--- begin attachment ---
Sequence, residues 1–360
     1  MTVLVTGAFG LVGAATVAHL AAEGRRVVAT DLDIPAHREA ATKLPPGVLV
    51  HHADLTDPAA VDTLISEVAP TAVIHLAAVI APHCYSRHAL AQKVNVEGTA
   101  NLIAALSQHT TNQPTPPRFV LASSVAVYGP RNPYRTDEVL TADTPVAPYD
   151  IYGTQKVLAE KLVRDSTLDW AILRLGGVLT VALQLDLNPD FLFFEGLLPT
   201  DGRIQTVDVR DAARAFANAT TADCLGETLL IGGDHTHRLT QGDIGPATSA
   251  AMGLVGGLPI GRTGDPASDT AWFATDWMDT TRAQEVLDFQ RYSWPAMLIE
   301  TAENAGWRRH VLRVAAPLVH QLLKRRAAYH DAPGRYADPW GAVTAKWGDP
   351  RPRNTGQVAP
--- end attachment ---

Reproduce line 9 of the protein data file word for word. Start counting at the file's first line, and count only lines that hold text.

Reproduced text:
   351  RPRNTGQVAP